We need good information to make good decisions. But how can we discover whether our information is 'good' before we actually risk making a decision based upon it? The following criteria may help.
First, information must be relevant. Your data must be pertinent and not used out of context. For example, is it better to count the number of donations or their total value when comparing fundraiser performance?
Second, it must be presented clearly. Information is ignored if it is hard to read and impenetrable.
It must be accurate - not only true, but also going into an appropriate level of detail. For example, there is no need to count turnover to the penny.
Information should be rounded and complete to ensure it is trusted. And it ought to be demonstrably trustworthy. Information must be corroborated with other sources or compared with anticipated results.
It should be concise. Over-complicated or over-long material will not hold the attention of the audience.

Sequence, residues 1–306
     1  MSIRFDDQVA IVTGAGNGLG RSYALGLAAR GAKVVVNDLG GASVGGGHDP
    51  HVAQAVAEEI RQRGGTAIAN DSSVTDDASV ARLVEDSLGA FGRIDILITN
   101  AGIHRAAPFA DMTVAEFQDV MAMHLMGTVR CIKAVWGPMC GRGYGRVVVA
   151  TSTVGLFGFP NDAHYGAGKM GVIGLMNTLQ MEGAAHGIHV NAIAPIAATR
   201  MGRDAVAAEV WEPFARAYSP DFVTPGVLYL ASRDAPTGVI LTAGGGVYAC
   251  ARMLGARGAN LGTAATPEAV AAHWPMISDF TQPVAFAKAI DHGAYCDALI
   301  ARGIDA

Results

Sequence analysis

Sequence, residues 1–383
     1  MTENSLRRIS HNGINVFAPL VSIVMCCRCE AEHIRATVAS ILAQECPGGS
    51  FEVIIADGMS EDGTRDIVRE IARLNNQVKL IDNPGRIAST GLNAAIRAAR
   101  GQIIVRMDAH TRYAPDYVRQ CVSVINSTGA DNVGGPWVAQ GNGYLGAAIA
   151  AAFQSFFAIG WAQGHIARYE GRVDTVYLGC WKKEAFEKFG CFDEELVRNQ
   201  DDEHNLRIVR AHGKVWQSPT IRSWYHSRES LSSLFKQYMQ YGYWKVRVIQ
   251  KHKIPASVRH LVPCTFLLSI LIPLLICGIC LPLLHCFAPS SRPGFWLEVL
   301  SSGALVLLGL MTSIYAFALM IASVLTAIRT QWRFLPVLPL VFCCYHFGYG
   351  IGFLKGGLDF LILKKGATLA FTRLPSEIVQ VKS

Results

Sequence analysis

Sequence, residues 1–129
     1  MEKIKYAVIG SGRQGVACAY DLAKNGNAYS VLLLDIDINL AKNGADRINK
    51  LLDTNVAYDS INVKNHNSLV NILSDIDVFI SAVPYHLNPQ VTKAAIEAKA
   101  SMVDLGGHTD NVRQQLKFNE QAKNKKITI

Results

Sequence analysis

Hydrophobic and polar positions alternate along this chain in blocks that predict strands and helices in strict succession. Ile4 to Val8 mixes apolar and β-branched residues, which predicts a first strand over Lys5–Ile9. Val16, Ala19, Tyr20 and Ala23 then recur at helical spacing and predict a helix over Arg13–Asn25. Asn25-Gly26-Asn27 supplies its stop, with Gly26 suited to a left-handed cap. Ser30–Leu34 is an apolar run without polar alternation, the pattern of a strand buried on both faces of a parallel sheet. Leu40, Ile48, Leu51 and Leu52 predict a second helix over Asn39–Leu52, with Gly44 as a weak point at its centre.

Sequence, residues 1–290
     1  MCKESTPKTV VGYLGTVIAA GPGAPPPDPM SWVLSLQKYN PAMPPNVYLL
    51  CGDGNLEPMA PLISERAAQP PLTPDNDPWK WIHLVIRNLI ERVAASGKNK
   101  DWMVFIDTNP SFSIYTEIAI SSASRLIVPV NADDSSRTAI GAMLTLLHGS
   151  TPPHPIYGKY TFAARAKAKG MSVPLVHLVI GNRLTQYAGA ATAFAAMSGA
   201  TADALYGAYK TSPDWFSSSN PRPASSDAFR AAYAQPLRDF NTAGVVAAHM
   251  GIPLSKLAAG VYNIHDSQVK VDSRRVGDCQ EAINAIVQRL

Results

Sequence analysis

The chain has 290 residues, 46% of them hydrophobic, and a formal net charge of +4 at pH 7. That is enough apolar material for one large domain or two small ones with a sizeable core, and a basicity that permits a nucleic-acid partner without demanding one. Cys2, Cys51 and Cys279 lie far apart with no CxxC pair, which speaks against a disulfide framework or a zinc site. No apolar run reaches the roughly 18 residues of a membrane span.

It must be timely. If it takes too long to compile or is out of date before you get it, it's not good information.
It needs to go out to the right people. If the intended audience does not consume the information, it is wasted. It could also be damaging if it were seen by the wrong audience.
It must be delivered through the right channels. For example, service-delivery information should appear on a website or an intranet, not buried deep on the company file server.
And finally, information must be cost-effective. If it takes three days a month to compile donor-retention statistics, it is unlikely to be worth the effort.
In two weeks' time, I will examine sources of and demand for data.
- Robin Fisk is managing director of CRM software company Fisk Brett.